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Any Which Way You Fund It, Pre-K Scores Four Big Wins For 4-Year-Olds Across U.S.

By Bekah McNeel | November 4, 2020

2020’s KEY EDUCATION VOTES: See our full coverage of the 46 races that could reshape America’s schools following Election Day — and get the latest updates on state policies and students’ challenges during the pandemic by signing up for The 74 Newsletter.

Early education ballot initiatives won easy approval in St. Louis, San Antonio, Colorado, and Multnomah County, Oregon, last night with wide margins of victory — demonstrating that even in a pandemic, voters will spend on the nation’s youngest learners.

The diverse funding mechanisms in the two cities, one state and one county — majority Democratic areas — offered a glimpse at the many paths forward for cities, counties and states looking to do the same in the future as consensus grows on the benefits of pre-k.

Colorado is now on its way to universal pre-k for all of the state’s 67,000 4-year-olds, with the biggest ballot item of the night, Proposition EE. Funded by a sales tax on tobacco products, the measure is projected to generate $180 million per year by 2023-24 when those funds begin to be disbursed by the state legislature for pre-k programs.

The tax continues to incrementally increase until 2027, when a carton of cigarettes will be taxed at about 62% and revenue from the tax tops out at $280 million per year.

In San Antonio, voters opted to continue funding PreK 4 SA, the city-run pre-k program, with an existing sales tax. Since it was first approved in 2012, the program has graduated over 12,000 4-year-olds from its four brick-and-mortar centers and given out $21 million in grants to help other pre-k providers expand to full day, high quality programming.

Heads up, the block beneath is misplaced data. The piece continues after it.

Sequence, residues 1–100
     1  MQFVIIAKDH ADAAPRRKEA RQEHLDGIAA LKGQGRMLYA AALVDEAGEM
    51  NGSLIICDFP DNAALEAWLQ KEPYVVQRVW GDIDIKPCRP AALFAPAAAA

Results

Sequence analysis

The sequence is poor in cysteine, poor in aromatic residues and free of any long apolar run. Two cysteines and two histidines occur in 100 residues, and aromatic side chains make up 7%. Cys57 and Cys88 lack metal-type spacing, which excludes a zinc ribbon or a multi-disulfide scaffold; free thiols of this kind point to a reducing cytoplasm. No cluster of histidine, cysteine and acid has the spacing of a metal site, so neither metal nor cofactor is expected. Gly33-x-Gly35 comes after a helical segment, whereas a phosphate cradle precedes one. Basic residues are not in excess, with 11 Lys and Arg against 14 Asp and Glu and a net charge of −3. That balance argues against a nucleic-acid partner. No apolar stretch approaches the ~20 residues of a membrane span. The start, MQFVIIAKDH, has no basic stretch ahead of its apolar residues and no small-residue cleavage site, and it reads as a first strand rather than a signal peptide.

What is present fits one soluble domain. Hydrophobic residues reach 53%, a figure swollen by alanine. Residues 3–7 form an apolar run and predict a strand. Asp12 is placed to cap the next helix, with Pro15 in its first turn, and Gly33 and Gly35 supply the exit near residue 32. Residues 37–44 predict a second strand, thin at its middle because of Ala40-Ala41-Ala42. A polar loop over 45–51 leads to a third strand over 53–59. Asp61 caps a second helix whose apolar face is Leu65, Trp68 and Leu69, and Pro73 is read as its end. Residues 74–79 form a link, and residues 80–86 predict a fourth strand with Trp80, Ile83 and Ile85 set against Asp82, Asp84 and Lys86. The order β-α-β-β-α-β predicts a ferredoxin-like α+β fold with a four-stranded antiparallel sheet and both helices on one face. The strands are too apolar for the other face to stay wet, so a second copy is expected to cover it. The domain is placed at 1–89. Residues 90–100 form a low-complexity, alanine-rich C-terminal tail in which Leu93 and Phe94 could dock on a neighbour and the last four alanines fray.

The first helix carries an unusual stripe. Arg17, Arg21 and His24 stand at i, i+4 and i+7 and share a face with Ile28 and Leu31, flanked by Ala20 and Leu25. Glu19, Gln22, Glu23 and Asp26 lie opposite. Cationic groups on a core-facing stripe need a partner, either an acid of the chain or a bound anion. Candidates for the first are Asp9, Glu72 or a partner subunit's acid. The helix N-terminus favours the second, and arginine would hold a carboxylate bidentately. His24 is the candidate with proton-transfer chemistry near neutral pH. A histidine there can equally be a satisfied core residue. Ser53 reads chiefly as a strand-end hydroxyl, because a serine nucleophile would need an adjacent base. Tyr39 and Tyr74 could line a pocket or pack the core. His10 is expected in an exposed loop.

In St. Louis, voters approved Proposition R (for “Ready by Five”) which will raise the property tax rate by $0.06 to generate $2.3 million per year dedicated to improving services in early childhood learning centers.

Proposition R Il not create extra seats, but will be distributed by the Mental Health Board, which operates the city’s Children’s Services Fund and Mental Health Fund to award grants to nonprofit service providers for services like developmental screening and home visits.

Finally in Multnomah County, Oregon, home to the city of Portland, an income tax on the top 10 percent of earners will fund 7,000 free pre-k seats for the county, where what few childcare options do exist are the fourth most expensive in the country.

2020’s KEY EDUCATION VOTES: See our full coverage of the 46 races that could reshape America’s schools following Election Day — and get the latest updates on state policies and students’ challenges during the pandemic by signing up for The 74 Newsletter

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